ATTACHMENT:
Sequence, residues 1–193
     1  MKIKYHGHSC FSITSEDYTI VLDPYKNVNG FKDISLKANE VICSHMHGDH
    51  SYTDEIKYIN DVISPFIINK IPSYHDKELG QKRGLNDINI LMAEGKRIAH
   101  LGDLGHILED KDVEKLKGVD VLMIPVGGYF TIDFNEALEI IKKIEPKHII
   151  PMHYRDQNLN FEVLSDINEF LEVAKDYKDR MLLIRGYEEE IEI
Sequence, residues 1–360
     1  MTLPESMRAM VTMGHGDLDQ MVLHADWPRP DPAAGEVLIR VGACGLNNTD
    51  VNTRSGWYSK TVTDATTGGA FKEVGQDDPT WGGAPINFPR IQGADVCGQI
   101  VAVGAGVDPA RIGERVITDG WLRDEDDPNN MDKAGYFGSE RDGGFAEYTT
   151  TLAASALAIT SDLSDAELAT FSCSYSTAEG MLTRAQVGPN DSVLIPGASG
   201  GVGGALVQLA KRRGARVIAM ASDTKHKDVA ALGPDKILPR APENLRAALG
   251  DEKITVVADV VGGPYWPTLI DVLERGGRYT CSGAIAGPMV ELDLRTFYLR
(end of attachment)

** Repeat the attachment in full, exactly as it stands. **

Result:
Sequence, residues 1–193
     1  MKIKYHGHSC FSITSEDYTI VLDPYKNVNG FKDISLKANE VICSHMHGDH
    51  SYTDEIKYIN DVISPFIINK IPSYHDKELG QKRGLNDINI LMAEGKRIAH
   101  LGDLGHILED KDVEKLKGVD VLMIPVGGYF TIDFNEALEI IKKIEPKHII
   151  PMHYRDQNLN FEVLSDINEF LEVAKDYKDR MLLIRGYEEE IEI
Sequence, residues 1–360
     1  MTLPESMRAM VTMGHGDLDQ MVLHADWPRP DPAAGEVLIR VGACGLNNTD
    51  VNTRSGWYSK TVTDATTGGA FKEVGQDDPT WGGAPINFPR IQGADVCGQI
   101  VAVGAGVDPA RIGERVITDG WLRDEDDPNN MDKAGYFGSE RDGGFAEYTT
   151  TLAASALAIT SDLSDAELAT FSCSYSTAEG MLTRAQVGPN DSVLIPGASG
   201  GVGGALVQLA KRRGARVIAM ASDTKHKDVA ALGPDKILPR APENLRAALG
   251  DEKITVVADV VGGPYWPTLI DVLERGGRYT CSGAIAGPMV ELDLRTFYLR